To make the platform for my tea cozies, I simply covered the shoe boxes that I transport all the small stuff in with a nice piece of cloth. This is actually a small curtain from the fifties or sixties that a friend gave me a few years ago. Funny thing is the shoe boxes themselves are curb found! You see, I never buy new shoes. I usually get them from the thrift shop, but occasionally I find perfect fitting ones, just my style even in the trash. You can find a picture in this post. The pretty white teapot that goes with the red cozy is an original sixties Melitta pot in mint condition that I bought in a thrift shop for next to nothing.
Here's that curtain as a background for my new felted brooches.
To attract extra attention to certain brooches, I display them on sweaters or tops.
All reclaimed from the trash, some of which I also use for photographing my items. On top this nicely fills up the four meters of booth space!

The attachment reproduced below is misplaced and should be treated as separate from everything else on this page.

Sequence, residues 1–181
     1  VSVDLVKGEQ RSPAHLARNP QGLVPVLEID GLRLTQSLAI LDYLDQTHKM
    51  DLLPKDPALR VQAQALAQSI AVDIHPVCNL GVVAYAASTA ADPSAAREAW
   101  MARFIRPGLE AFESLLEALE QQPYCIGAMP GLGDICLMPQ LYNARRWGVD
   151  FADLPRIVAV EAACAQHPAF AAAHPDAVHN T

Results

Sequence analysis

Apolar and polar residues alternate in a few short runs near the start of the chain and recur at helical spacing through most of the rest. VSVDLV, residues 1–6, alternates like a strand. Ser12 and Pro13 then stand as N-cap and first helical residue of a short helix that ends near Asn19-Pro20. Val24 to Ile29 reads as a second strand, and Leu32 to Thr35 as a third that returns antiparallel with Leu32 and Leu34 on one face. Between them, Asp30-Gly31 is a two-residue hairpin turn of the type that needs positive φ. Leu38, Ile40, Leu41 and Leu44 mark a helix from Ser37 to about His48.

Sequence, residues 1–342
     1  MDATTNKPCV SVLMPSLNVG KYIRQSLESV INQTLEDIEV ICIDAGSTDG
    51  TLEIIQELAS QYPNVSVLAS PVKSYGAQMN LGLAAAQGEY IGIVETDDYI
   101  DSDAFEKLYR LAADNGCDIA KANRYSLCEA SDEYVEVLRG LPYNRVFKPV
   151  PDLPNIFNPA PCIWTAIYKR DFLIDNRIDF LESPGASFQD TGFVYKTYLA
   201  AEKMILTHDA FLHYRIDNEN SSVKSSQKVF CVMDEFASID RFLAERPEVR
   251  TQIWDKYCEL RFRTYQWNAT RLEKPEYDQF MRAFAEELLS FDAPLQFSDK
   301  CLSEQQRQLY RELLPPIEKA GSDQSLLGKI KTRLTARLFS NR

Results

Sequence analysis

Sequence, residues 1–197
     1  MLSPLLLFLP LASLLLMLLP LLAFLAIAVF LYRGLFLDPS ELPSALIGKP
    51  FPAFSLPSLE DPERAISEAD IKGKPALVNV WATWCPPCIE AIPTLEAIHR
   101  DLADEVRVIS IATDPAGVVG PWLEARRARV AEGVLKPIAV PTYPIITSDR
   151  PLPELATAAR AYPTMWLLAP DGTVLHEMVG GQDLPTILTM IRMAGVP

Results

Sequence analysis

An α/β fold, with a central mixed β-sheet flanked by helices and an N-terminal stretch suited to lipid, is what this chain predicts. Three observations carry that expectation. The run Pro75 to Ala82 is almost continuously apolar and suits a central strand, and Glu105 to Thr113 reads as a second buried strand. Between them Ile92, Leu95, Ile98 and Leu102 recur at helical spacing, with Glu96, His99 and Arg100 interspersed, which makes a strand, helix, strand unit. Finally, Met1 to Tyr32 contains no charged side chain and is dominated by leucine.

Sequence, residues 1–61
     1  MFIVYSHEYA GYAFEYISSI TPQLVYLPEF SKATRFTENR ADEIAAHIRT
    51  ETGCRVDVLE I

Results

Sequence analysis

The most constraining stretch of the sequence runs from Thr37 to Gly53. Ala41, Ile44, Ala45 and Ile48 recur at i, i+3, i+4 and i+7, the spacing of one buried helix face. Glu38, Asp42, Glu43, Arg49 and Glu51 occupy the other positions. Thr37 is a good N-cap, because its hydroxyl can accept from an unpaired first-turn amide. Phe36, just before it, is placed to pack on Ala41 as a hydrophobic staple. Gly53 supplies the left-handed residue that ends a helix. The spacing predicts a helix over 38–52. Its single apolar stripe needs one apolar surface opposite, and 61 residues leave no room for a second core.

You know funny thing is last year I even sold one of the sweaters (without the brooch)! I didn't mean to but the lady simply was in love with it!
But I actually sell some of the finds on purpose. Any really nice item that I can revamp somehow becomes 'handmade' and a proper item for my shop. Here's that cute clutch again I found on Queensday. I just exchanged the flower from the last photo.
This is the second used item I bought. I found it on Etsy. Being inked on the display head was so cheap it was even worth paying the fairly high shipping fee, which with the profitable dollar exchange (for me) made it still a better deal than I could get locally.